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Three sessions of radial extracorporeal shockwave therapy gives no additional benefit over “minimal-dose” radial extracorporeal shockwave therapy for patients with chronic greater trochanteric pain syndrome: a double-blinded, randomized, controlled trial
journal contributionposted on 01.02.2021, 16:24 by Patrick WheelerPatrick Wheeler, Chloe Dudson, Rachel Calver, Duncan Goodall, Kim Gregory, Harjinder Singh, Kevin Boyd
Objective: To investigate the outcomes following three weekly sessions of radial extra-corporeal shockwave therapy (rESWT) in patients with chronic greater trochanteric pain syndrome (GTPS) presenting to an NHS Sports Medicine Clinic in the UK.
Design: Double-blinded randomised controlled trial
Setting: A single NHS Sports Medicine Clinic, in the United Kingdom.
Patients: 120 patients in an NHS Sports Medicine clinic presenting with symptoms of GTPS that had failed to improve with a minimum of three months of rehabilitation were enrolled in the study, randomised equally to the intervention and treatment groups. Mean age 60.6±11.5years, 82% female, mean duration of symptoms 45.4±33.4 months (range: 6months-30years.)
Interventions: Participants were randomised to receive either three sessions of ESWT at either the “recommended”/“maximally comfortably tolerated” dose or at “minimal-dose”. All patients received a structured home exercise programme involving flexibility, strength and balance exercises.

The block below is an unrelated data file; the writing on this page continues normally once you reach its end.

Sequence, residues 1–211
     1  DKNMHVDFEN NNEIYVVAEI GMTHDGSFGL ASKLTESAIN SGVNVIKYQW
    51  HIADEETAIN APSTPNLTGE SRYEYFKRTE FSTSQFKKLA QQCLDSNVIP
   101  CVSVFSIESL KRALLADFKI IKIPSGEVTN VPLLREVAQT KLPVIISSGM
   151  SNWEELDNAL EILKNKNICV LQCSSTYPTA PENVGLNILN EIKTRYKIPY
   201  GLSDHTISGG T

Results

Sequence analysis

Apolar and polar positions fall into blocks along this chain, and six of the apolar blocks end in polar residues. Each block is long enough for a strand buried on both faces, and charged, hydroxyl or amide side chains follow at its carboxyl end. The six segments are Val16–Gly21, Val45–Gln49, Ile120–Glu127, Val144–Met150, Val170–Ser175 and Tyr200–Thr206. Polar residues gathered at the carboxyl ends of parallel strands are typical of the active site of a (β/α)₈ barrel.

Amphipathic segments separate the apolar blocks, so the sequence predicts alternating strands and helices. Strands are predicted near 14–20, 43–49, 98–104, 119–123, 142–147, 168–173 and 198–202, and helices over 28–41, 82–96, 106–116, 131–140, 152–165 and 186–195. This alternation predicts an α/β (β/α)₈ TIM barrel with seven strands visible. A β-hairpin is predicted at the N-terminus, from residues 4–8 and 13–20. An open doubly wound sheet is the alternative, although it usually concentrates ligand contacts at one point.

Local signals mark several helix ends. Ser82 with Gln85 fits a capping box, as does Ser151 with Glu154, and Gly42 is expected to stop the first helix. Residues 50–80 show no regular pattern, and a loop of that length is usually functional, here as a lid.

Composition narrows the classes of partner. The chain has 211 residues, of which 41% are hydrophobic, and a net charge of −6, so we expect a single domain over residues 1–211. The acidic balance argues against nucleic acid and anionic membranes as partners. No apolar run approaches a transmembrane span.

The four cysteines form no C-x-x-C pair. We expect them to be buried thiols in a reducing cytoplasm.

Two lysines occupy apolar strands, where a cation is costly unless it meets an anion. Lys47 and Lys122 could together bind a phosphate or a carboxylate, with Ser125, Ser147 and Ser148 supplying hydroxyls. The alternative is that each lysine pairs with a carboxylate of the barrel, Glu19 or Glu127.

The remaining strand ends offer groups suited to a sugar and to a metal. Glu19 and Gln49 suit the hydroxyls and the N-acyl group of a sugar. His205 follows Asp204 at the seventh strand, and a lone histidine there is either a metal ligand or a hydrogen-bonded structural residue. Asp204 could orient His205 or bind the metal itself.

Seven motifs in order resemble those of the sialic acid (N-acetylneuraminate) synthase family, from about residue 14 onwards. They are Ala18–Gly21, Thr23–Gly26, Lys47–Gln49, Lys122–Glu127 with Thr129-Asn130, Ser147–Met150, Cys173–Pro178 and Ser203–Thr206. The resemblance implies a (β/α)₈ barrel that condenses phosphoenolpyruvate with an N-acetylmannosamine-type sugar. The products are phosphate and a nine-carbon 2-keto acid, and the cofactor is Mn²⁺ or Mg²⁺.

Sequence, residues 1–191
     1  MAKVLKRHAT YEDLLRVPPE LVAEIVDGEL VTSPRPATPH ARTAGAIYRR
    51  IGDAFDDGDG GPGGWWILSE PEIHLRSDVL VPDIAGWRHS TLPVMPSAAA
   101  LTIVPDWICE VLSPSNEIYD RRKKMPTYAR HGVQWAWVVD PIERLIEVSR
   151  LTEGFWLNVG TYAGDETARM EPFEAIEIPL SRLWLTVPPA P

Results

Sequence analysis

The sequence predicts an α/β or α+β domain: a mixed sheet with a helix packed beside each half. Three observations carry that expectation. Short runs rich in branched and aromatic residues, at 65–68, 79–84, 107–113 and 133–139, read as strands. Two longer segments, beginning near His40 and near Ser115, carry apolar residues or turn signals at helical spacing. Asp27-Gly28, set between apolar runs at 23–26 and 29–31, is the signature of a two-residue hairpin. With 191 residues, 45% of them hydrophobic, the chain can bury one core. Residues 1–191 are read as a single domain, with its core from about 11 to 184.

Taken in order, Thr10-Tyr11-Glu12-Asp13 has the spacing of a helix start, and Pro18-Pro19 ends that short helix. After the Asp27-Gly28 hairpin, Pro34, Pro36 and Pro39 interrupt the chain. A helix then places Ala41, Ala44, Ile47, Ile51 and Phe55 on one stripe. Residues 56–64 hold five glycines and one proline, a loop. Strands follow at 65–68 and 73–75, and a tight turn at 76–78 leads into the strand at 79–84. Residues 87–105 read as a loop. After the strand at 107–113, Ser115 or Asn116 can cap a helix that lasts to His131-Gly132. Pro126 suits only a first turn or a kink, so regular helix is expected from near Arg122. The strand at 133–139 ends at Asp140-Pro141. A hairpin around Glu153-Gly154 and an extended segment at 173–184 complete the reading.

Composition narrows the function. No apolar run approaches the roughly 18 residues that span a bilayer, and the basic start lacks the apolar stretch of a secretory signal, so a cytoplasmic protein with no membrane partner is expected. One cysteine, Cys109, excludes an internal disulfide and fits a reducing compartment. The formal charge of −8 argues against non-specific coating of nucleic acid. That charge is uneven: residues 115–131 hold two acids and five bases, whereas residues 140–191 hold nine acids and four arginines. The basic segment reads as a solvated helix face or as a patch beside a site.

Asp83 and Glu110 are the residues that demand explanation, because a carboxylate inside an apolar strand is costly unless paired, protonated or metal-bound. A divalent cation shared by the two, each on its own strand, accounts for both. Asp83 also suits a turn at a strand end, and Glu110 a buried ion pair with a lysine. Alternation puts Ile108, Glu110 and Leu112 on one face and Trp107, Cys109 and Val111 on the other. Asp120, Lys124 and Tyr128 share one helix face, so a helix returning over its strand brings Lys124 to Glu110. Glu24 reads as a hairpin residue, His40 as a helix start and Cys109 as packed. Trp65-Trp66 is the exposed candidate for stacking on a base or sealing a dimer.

Main outcome measures: Follow-up was 6-weeks, 3-months, and 6-months. Outcome measures included local hip pain, validated hip PROMs (OHS, NAHS, VISA-G) and wider measures of function including sleep (PSQI) and mood (HADS).
Results: Results were available for 98% of patients at the 6-month period. There were statistically significant within-group improvements in pain, local function, and sleep seen in both groups. However, fewer benefits were seen in other outcome measures including activity or mood.
Conclusion: There were no time*group interaction effects seen between the groups at any time-point, indicating that 3 sessions the “recommended-dose” rESWT had no measurable benefit compared to “minimal-dose” rESWT in this group of patients with GTPS. The underlying reason remains unclear, it may be that rESWT is ineffective in the treatment of patients with chronic GTPS, that “minimal-dose” rESWT is sufficient for a therapeutic effect, or that a greater number of treatment sessions are required for maximal benefit. These issues need to be considered in further research.
- Sport, Exercise and Health Sciences